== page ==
Antique Apples at Lutz Orchard

Lutz Orchard

11030 Macon Rd., Saline, MI 48175

Phone: (734) 429-5145

Hours: Seasonal - call first

Bill Lutz's dairy farm and apple orchard are located amid lovely centennial farms that line Macon Road (an old Indian trail, he says) between Saline and Tecumseh.  Outside a sign advertises both Apples and Åpfels, a nod to the German lineage of Lutz's family, one of the many German families that settled in this part of Michigan. Lutz's great-grandfather purchased the farm in 1882.  In 1884, that same great-grandfather built the solid red barn where Lutz now stores his apples along with the straw and hay a nephew grows for Lutz's 22 dairy cows. 

As you walk in, it's likely that the twinkly-eyed Lutz  will be standing behind an antique Rube-Goldbergian contraption that polishes and sorts apples by size. Lutz doesn't sell cider, but he does have already bagged and also U-Pick apples.  Along with the standard Northern Spy and Delicious apples, Lutz's apples include several seldom seen antique varieties - like Snow Apple, Rhode Island Greening, Wolf River and a few other oddballs like Winter Banana, Spitzenburg (Thomas Jefferson's favorite), and Sheepnose (also known as Black Gilliflower, says Lutz). 

Lutz mentioned he offers "tree rentals," starting at about $30 for something like the Rhode Island Greening, and up to about $50 for Northern Spy for a season.  You pick your variety and your tree and those apples are reserved for you alone to come and pick that year. One couple chooses an early and a late ripening variety so they can spread out their apple enjoyment.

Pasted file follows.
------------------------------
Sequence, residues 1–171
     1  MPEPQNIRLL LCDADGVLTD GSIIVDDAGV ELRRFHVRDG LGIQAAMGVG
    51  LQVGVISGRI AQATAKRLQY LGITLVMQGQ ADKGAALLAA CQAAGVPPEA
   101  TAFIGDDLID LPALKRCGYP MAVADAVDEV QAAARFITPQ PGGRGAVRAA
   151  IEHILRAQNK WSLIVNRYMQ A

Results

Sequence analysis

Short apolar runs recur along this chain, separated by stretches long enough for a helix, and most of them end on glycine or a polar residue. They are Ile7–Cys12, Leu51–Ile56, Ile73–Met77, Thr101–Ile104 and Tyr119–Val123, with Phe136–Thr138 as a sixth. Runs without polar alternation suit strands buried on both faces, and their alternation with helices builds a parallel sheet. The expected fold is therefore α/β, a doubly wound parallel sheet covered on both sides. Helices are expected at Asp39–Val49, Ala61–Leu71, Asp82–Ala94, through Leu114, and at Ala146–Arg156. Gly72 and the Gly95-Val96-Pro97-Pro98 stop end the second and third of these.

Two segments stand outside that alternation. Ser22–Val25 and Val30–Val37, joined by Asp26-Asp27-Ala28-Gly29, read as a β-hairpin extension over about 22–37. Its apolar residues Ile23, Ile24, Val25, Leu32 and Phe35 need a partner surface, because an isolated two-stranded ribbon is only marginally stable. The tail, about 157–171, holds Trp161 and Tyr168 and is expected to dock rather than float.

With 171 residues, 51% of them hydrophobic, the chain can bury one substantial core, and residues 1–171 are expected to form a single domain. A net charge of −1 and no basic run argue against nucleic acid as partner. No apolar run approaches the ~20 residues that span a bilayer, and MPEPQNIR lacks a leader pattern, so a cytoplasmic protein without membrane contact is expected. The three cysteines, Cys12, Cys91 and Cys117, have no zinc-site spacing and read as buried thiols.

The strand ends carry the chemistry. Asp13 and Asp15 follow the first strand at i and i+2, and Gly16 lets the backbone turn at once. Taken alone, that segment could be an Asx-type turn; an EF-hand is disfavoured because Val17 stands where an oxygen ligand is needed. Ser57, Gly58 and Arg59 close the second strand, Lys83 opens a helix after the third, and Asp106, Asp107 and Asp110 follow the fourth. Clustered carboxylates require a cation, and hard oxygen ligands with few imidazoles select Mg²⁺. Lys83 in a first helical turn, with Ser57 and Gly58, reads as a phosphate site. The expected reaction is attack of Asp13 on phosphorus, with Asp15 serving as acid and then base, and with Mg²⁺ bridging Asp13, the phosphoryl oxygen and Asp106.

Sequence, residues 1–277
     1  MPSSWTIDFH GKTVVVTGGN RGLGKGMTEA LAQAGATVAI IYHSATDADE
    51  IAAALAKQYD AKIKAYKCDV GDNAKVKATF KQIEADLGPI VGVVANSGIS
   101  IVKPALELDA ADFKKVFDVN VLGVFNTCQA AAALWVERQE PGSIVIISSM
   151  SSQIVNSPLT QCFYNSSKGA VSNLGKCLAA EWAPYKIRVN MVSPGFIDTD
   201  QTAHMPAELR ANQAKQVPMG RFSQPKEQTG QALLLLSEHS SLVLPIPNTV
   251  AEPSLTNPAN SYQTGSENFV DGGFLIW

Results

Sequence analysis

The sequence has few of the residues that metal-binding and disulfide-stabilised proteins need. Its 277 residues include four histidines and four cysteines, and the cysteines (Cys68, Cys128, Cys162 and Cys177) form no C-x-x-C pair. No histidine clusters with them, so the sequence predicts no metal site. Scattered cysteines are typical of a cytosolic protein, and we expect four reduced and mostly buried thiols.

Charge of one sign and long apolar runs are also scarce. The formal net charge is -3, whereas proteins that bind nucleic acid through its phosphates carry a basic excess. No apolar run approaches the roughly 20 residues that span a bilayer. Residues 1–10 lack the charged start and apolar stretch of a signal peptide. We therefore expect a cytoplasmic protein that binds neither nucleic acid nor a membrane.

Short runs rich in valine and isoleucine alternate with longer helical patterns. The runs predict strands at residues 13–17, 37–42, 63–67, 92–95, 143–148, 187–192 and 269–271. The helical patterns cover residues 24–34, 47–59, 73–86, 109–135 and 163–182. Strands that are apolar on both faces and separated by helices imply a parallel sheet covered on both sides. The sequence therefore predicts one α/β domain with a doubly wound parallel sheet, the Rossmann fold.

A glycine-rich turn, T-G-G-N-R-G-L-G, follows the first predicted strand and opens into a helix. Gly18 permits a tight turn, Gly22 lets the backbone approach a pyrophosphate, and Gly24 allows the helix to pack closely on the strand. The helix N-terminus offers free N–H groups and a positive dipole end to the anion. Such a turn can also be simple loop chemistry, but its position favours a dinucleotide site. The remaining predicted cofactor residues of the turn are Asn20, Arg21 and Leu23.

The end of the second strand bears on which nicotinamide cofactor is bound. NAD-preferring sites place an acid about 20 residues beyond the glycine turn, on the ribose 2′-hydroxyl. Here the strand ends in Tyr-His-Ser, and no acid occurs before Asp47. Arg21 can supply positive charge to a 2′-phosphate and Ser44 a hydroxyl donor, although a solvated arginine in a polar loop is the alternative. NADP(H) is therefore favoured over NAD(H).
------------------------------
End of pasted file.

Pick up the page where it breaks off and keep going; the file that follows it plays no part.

Lutz's father set out the 12 acre apple orchard, which is about a mile from the barn, between 1929 and 1931. Lutz says he's been working with apples ever since he was born; he's owned the orchard since 1983 after his dad passed away. He looks like he shouldn't, but Lutz still climbs a spindly 15 foot aluminum ladder to pick the apples in his orchard by hand. He can tell you everything, from green tip to apple fall, that you might want to know about being an orchardist in Michigan.  

I asked Lutz if many people are interested in the heirloom apples. He replied, "Yes, people ask about heirloom apples but I don't know that I would plant any more. People don't seem to ever want to buy any significant number of them."  Apart from Alber Orchard outside of Manchester which has dozens of heirloom varieties,  I haven't seen other orchards in our area with the softball-sized Wolf River or tennis ball-sized (and colored) Rhode Island Greenings - both of which are supposed to be excellent for pies. Since I bought both kinds, I'll be finding out their pie-making potential for myself.  

A half peck is $4 for the Greenings, $5 for the extra-large Wolf River. Already sorted and polished. 

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